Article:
Dr. Brian Balin is an experimental neuropathologist who studies the link between infection and inflammation in the body and neurological disorders. He is an internationally recognized expert in the field of Alzheimer’s disease research. Among his research interests are: Infection with Chlamydia pneumoniae as a trigger in the neuroinflammation and neurodegeneration in Alzheimer’s disease, effects of infection and inflammation on the blood brain barrier in cerebrovascular disease, and pathogenesis of chronic disease associated with the aging process. He received his PhD from the University of Maryland School of Medicine at Baltimore and a bachelor’s degree in Microbiology from the University of Maryland.
Late-onset Alzheimer’s disease, occurring after age 65, accounts for the majority of all cases.
Prevailing theories suggest age as the number one risk factor, followed by variations of a gene that helps carry cholesterol in the blood.
But what if that’s not the whole story?
For 20 years, we have been studying links between infection and late-onset Alzheimer’s. We found that a respiratory organism, Chlamydia pneumoniae, infected a large percentage of brain tissues of those who died from Alzheimer’s. It’s a bacterium that acts similar to a virus as it enters into our bodies’ cells, and our evidence shows that it can infect nasal cells responsible for detecting smell.
The organism travels from the nose to the olfactory regions of the brain where early symptoms of Alzheimer’s may first occur, including changes in sense of smell and short-term memory problems. This suggests that this area of the brain can be vulnerable, and that infection here may cause the damage leading to those changes. Mice infected intranasally with this organism develop some of the same pathological deposits seen in Alzheimer’s, suggesting that infection entering the brain in this way could trigger damage and neurodegeneration.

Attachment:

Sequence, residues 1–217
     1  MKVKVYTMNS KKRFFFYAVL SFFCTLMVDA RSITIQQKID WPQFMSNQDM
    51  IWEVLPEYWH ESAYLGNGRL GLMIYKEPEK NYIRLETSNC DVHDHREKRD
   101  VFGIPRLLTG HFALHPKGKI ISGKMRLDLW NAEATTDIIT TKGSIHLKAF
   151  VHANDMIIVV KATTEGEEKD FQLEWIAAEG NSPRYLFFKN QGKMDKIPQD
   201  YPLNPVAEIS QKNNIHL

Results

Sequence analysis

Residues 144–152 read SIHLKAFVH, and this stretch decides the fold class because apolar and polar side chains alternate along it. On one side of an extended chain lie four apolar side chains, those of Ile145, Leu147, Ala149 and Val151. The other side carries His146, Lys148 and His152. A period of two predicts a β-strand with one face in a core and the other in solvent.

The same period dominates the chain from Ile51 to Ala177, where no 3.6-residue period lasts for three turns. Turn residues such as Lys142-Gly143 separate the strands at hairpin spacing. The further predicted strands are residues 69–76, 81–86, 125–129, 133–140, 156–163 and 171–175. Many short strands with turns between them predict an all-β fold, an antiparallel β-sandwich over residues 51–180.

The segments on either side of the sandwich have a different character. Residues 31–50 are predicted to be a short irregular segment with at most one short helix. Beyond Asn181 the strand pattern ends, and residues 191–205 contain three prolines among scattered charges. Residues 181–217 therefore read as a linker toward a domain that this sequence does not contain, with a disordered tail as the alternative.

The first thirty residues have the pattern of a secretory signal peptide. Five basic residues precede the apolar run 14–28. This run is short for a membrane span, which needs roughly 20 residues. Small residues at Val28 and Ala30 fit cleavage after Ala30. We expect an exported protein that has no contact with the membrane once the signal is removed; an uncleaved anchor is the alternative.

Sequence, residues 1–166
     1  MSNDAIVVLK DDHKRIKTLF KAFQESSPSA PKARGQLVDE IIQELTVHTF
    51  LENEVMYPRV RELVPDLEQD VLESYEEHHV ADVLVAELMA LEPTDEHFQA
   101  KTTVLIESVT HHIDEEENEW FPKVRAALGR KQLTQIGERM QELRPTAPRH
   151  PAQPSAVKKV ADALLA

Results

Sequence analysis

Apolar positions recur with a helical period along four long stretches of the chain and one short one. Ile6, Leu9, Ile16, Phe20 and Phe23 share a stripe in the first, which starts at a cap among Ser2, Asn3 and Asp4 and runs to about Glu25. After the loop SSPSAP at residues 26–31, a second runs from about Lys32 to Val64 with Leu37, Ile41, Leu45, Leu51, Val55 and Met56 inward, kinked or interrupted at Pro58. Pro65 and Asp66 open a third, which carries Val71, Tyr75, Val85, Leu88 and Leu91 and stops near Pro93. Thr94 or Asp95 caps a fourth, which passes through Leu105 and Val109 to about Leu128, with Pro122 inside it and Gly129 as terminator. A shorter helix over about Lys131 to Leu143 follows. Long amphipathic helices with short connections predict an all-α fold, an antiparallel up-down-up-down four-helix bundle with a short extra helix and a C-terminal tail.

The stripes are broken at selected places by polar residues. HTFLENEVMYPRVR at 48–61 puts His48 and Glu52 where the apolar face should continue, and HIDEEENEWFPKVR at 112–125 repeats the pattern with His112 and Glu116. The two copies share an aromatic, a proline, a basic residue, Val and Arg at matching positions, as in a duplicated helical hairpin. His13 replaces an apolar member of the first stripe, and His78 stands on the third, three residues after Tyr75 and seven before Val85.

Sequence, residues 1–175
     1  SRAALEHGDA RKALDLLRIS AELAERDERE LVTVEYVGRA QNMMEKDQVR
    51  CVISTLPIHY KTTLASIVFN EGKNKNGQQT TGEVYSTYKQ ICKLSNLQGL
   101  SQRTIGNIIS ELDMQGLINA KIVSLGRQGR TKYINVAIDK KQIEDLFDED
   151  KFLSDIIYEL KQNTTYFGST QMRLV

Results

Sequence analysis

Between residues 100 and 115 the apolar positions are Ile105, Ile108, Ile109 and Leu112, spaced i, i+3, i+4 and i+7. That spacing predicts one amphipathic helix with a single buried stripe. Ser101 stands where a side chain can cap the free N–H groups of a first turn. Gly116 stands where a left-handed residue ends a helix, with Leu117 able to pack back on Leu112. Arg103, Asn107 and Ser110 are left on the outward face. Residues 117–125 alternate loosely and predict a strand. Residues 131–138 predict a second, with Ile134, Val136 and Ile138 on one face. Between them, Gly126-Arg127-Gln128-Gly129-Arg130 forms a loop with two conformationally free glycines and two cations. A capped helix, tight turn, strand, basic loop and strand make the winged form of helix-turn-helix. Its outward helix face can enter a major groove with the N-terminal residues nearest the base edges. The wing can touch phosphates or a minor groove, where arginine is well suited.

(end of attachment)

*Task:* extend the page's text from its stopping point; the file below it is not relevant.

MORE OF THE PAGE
Other experiments have shown that this organism can lead to long-term infections in the brain; that inflammation occurs following the infection; and that it can accumulate in brains of those with genetic risk factors. These findings could link infection and certain genetic profiles seen in Alzheimer’s.
More research is needed to clarify how infection triggers neurodegeneration in this disease.
Biomarkers of infection and inflammation may hold the key to eventual diagnosis and provide clues as to who may be at greatest risk for late-onset Alzheimer’s. This knowledge could lead to the development of anti-infective and anti-inflammatory therapies that not only treat the disease, but prevent it entirely.